Dare to be agile

Dare to be agile

The term 'agile' has been around for a while, and is normally used in the context of more agile systems development processes and practices. Agile is usually positioned at the opposite end of a continuum from traditional waterfall systems development methodologies -- with their rigid progression through successive linear phases of requirements definition, specification, building, integration and testing.

Agile approaches, in contrast, are characterised by the use of pre-existing platforms to enable early delivery of functionality, feedback loops, and iteration to progressively refine a solution in response to evolving business requirements.

'More agile ICT', however, is a bigger aspiration than simply adopting a new approach to the systems development lifecycle. It requires a change of mindset by business executives not just ICT professionals. At its core are rising frustrations that the current approach to ICT isn't working well enough ... and sometimes isn't working at all. These frustrations arise partially in response to project and systems failures, though these are hardly new phenomena, and partially in response to the new 'art of the possible'. The latest generation of mobile and cloud based solutions just seem to be so much more functional, flexible, cost effective and faster to implement -- and, quite frankly, 'good enough'.

Remind me again why ICT has become so damn difficult, time consuming and expensive? Ah, that's right ... because of the way we framed business requirements and tricked ourselves that dedicated + specialised + customised was necessary and better than shared + standardised + configured. 'More agile ICT' is a reawakening by business executives to the consequences of their expectations, the way they ask for ICT and the way they understand and manage risk.

Executives have grown used to framing requests for ICT using 'internal-out requirements logic'. This logic leads to requests along these lines: "I'd like to acquire an ICT solution to support today's internally-focused understanding of business requirements. Because ICT projects are scary and risky I want the project specified in great detail and managed in a structured and disciplined manner -- even if it takes longer and costs more. Don't cut corners."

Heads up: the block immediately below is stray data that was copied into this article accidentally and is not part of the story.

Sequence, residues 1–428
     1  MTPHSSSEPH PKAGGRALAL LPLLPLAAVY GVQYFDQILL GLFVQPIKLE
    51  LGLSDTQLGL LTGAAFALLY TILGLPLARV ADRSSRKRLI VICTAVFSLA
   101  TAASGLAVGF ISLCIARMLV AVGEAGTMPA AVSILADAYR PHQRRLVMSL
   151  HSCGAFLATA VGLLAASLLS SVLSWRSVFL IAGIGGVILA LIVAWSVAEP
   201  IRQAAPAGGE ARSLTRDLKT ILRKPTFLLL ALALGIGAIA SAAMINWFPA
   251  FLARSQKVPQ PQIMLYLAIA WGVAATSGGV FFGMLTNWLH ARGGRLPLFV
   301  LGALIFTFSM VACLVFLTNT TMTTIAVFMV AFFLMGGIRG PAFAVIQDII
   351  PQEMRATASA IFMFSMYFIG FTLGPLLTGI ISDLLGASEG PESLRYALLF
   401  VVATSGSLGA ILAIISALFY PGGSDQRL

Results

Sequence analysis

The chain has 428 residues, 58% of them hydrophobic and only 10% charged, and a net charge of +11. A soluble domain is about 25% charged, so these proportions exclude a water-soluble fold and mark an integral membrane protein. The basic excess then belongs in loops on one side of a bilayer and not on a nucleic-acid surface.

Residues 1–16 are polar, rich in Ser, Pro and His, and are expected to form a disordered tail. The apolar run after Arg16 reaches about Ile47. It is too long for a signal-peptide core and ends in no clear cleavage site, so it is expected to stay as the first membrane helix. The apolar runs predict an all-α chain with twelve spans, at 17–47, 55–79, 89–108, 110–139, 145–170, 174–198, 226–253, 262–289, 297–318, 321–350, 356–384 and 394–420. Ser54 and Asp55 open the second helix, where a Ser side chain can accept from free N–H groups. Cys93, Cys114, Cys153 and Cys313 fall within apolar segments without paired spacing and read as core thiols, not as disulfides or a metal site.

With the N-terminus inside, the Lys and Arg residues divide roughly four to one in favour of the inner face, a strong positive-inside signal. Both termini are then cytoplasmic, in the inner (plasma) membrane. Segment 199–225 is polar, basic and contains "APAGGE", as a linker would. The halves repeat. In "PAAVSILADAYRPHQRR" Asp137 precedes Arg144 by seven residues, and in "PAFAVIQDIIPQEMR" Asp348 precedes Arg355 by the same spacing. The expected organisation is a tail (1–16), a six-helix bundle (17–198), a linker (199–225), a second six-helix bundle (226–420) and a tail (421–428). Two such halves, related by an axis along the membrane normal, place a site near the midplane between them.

This request leads to thick documents, customised solutions, rigid schedules, long timeframes and a focus on 'safe' process rather than rapid outcomes. In many cases the process is 'successful' but the outcomes are disappointing, inflexible, expensive and/or delivered too late.

'More agile ICT' involves framing requests for ICT using external-in requirements logic. This logic leads to a different request: "I'd like to acquire access to ICT capabilities which will support my evolving business requirements -- the most important thing is that results are delivered early, that we take advantage of the economies of scale provided by existing external shared capabilities and that we maximise our leverage of pre-existing solutions to accelerate business innovation and reduce costs and risks."

This approach leads ultimately to more lightweight systems and adoption of public cloud services and consumer-market style mobile solutions. Framing a request this way, however, means that executives need to be flexible about business requirements and need to learn new ways of understanding and controlling project and counterparty risks.

Business requirements start to become negotiable in the context of benefit/risk trade-off discussions and more rapid feedback loops regarding practicality and cost. Effective use of pre-existing external shared platforms and solutions starts to be seen as a competitive advantage because it accelerates innovation and lowers costs. The focus is on what you do ... not what you own.

'More agile ICT' is fundamentally an executive leadership issue. ICT departments have acted in response to the way executives have framed their requests for ICT solutions over many years.

Perhaps if the requests are framed differently we might start getting different results? This is the key ICT strategy challenge for 2013.

Mobile, cloud, big data/analytics, social networking and BYOD are building blocks of a better way forward.

Unless executives start thinking in terms of external-in requirements logic they will find that their ICT departments will simply build the new blocks into traditionally complex in-house solutions designed to meet old-school internal-out requirements thinking.

Dr Steve Hodgkinson ( is research director IT Asia Pacific for Ovum.

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